Posted: August 24, 2022
Celebrating the 50th anniversary successes of “Appalshop: Stranger With a Camera” in 2020, Athena Cinema and its partners are thrilled to present a new film series that showcases cinematic interpretations of Appalachia.
The series will run from October 2022 to March 2023, as Cinema Athena explores how this complicated and dynamic region has been depicted in film. Screenings will include presentations by guest speakers aimed at increasing cultural competence by educating viewers on how Appalachia has been portrayed in film by those who have retained the power to manipulate stereotypes.
This series is presented with free admission thanks to the following sponsors: 2023 Appalachian Studies Association Conference, Ohio Honors Program, Center for Campus and Community Engagement, Multicultural Center, Black Student Cultural Programming Board, Hocking Athens Perry Community Action Program, Athens County Public Libraries, University Libraries, Honors Tutorial College, Center for Advising, Career and Experiential Learning, and OHIO Fellows.
“The Hills and the Hollers: Appalachian Stories” film series schedule:
- September 8 at 7 p.m., “Coal Miner’s Daughter”: Directed by Michael Apted, a film depicting the life of country music superstar and feminist icon Loretta Lynn, and how she shone a light on the subject of women’s liberation before the problem was well known. Rachel Terman, Ph.D., associate professor of sociology at Ohio University, will discuss the intersectionality of women, gender, and diversity in Appalachian culture.
- October 13 at 7 p.m., “The Mothman Prophecies”: Directed by Mark Pellington, this film tells the story of John Klein, a Washington Post journalist, who, after losing his wife Mary, finds strange drawings of her after her dead. John finds himself lost on a highway in Point Pleasant, WV, where he explores the possible relationships of his wife’s drawings to unexplained phenomena in the city. Tiffany Arnold, Ph.D., assistant professor of education at Ohio University, will share her knowledge of Appalachian studies, as well as the impact and cultural competence of Appalachian culture.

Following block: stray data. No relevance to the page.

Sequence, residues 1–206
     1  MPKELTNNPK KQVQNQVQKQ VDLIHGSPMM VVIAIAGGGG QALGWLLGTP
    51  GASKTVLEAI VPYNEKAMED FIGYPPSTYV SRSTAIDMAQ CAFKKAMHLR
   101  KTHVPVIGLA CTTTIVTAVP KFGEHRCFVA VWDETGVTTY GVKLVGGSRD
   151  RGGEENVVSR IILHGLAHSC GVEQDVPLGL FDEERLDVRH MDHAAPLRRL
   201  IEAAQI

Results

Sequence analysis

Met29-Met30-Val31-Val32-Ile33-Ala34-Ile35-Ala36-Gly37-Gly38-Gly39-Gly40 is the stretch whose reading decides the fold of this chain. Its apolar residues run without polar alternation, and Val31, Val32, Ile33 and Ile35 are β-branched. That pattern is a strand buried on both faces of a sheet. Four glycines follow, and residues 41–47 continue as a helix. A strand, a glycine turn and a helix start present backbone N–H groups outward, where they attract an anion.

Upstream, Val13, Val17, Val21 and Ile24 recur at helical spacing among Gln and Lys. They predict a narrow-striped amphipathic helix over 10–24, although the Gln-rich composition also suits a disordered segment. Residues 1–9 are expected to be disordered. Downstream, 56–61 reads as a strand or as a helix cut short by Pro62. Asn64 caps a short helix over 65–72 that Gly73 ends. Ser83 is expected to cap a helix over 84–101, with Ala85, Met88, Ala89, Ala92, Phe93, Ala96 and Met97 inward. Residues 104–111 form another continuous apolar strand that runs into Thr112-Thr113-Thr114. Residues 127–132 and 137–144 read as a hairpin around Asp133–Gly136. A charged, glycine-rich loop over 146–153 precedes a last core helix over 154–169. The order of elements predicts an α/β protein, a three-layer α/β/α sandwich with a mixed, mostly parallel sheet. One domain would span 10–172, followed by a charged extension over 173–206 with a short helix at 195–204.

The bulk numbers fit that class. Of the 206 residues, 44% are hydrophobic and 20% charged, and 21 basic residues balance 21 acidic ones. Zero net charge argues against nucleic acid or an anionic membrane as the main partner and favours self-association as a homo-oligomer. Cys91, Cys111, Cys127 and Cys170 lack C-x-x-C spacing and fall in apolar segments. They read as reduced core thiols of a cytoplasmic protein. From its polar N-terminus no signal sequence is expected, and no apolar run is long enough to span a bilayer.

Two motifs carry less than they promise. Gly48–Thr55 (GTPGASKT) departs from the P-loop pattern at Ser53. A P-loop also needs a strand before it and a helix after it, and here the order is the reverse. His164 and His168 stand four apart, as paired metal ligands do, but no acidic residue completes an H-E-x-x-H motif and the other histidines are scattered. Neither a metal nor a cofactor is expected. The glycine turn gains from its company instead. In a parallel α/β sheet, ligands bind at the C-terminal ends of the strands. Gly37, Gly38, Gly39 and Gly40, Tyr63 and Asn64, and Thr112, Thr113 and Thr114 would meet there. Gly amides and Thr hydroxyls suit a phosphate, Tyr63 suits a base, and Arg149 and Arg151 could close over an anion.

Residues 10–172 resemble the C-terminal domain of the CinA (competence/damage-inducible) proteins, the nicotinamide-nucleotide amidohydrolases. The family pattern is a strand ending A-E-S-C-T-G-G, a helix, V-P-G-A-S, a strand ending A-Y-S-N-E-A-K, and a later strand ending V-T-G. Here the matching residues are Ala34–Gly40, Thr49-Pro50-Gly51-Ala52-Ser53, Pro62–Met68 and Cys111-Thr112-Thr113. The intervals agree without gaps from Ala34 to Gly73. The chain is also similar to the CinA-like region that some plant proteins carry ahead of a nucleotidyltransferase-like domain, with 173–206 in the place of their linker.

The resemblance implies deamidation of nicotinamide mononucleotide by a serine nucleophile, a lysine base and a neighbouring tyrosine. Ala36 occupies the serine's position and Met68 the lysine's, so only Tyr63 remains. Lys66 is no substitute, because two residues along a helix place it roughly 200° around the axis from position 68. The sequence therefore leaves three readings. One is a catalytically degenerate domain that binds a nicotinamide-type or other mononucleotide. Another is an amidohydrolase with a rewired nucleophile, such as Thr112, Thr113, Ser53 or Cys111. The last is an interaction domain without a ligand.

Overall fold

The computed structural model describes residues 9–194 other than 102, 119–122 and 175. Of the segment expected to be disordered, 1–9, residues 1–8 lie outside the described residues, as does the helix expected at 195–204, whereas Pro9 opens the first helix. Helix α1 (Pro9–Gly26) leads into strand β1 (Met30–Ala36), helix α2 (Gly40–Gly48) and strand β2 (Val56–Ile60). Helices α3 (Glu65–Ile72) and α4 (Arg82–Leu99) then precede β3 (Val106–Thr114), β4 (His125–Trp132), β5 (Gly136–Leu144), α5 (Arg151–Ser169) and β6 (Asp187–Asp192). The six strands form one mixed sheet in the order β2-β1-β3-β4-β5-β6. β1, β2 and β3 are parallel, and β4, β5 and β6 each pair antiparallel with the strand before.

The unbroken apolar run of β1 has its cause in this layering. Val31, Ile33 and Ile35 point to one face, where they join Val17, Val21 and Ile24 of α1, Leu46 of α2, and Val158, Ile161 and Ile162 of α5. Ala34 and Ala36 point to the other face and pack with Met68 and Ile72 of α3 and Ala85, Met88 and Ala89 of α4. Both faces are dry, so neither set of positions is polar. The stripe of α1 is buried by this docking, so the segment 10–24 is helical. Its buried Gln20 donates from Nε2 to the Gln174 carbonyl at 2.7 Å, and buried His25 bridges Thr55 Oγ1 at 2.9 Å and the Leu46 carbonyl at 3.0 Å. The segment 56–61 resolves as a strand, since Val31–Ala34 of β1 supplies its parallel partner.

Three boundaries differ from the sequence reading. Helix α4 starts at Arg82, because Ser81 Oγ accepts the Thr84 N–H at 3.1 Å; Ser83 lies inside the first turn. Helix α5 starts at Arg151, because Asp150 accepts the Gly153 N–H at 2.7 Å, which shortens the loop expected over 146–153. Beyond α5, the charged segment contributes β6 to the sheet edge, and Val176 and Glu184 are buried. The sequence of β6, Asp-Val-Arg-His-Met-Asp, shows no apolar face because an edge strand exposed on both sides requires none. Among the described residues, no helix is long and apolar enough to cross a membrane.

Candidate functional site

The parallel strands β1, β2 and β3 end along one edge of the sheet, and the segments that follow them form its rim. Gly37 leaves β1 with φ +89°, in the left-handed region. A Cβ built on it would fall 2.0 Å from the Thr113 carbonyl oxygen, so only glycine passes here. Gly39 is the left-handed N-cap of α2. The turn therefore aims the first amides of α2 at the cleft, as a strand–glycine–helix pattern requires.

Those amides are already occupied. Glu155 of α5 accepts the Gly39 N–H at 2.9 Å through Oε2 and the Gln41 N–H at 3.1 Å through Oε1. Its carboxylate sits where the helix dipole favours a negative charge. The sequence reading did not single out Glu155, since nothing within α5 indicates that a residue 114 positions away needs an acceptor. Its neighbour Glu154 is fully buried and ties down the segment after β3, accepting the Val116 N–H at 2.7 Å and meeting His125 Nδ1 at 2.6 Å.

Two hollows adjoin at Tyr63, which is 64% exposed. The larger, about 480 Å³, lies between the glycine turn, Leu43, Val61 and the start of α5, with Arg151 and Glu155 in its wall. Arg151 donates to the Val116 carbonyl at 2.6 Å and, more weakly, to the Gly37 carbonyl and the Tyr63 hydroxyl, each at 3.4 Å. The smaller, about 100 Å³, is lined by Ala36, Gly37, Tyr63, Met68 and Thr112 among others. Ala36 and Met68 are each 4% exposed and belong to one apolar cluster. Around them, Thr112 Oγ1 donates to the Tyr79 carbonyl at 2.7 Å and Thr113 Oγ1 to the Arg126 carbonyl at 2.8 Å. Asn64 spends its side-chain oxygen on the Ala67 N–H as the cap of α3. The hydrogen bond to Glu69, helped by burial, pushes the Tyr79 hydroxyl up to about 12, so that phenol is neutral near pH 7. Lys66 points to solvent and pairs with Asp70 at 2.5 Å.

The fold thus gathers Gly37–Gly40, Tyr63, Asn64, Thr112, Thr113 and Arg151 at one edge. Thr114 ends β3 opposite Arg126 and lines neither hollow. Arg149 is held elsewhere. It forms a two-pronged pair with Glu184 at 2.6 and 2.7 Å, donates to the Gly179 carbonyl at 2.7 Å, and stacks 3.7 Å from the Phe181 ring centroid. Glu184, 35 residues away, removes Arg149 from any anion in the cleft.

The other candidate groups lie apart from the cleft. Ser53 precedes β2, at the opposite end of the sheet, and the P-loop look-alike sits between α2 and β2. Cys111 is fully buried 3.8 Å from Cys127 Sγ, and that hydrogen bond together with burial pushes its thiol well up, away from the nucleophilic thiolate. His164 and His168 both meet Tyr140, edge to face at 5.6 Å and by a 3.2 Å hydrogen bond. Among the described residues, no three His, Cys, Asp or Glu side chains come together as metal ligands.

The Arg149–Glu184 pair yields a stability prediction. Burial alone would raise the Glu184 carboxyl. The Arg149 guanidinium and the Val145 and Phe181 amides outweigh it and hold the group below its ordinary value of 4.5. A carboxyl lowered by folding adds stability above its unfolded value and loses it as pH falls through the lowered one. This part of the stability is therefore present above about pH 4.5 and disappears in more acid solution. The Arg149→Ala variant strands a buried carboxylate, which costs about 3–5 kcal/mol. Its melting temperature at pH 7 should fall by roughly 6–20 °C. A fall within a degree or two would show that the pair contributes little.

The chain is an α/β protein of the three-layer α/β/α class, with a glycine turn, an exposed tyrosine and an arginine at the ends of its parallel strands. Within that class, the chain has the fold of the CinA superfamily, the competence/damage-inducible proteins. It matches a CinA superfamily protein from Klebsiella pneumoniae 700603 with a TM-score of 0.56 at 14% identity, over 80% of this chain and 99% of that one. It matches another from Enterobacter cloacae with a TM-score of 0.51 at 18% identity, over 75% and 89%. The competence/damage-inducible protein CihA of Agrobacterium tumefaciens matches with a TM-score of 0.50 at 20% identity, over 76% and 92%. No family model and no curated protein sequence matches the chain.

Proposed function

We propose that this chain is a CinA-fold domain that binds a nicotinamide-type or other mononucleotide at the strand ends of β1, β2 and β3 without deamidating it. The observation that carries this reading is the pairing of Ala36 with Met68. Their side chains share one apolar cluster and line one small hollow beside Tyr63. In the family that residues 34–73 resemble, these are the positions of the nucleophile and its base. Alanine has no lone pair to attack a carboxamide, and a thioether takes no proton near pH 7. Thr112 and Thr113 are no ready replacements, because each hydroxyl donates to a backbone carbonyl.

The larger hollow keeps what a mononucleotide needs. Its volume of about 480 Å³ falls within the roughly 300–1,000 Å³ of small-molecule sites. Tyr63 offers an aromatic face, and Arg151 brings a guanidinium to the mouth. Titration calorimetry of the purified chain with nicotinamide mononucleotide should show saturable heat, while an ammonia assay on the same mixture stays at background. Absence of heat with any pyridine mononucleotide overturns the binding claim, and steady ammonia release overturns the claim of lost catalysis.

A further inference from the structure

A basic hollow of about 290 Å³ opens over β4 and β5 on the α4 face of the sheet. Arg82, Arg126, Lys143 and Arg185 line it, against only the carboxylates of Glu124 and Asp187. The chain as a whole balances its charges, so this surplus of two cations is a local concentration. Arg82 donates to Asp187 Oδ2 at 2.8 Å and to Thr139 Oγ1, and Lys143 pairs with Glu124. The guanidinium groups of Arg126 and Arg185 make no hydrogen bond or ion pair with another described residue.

- November 10 at 7 p.m., “We Are Marshall”: Directed by Joseph McGinty Nichol, “We Are Marshall” centers on the tragedy of the plane crash that killed 75 passengers on board, including 37 members of the football team of the Marshall University team. Here in Huntington, WV, as devastation descends on the university and the city, coach Jack Lengyel is hired from the College of Wooster in Ohio to recreate and strengthen Marshall’s football program. Alongside Lengyel, Red Dawson, an assistant coach who missed the fatal flight, will help mend not only the team, but also the emotional damage to the city left by the accident. Nerissa Young, an associate teaching professor at Ohio University specializing in journalism ethics, journalism, trauma, and media law, will speak about her experience and note the impact on communities.
- January 19 at 7 p.m., “Holler”: A film directed by Nicole Riegel that highlights the struggles of a young woman named Ruth Avery as she decides to do something for herself in southern Ohio, where the employment opportunities are collapsing. Teamed up with his brother, they begin working in scrap yards by day and stealing precious metals by night. It is then that Ruth begins to wonder if these dangerous activities are worth her future upbringing when she has to leave her beloved family behind.
- February 9 at 7 p.m., “Deliverance”: Directed by John Boorman, “Deliverance” tells the story of Lewis Medlock, who sets out with his friends for a canoe trip on the Cahulawassee River before it is dammed and turned into a lake. Their dangerous adventure is one they will never forget as they explore the American backcountry. Coming to the screening, Jack Wright, a retired Ohio University Film School Assistant Professor, will talk about his knowledge of the history, culture and challenges of mining in Appalachia. and mining towns.
- Friday, March 17 at 7 p.m., “Dark Waters”: Directed by Todd Haynes, “Dark Waters” depicts the true story of how a determined attorney exposes a chilling secret of unexplained deaths linked to one of the world’s largest corporations. world. He quickly realizes the risks of seeking justice and exposing the truth, endangering his future, his family and his own life. Harry Deitzler, who worked on this class action as a personal injury attorney and is portrayed in the film, will talk about the details of the actual case. Corresponding to this film, the screening will be presented at the Appalachian Studies Association conference to be held March 16-19 at Ohio University, on the theme: “AppalachiaFest: From Survival to Prosperity in Appalachia”.
Further information can be found on the Athena Cinema website or by contacting Athena Cinema Director Alexandra Kamody at [email protected] or 740.594.7382.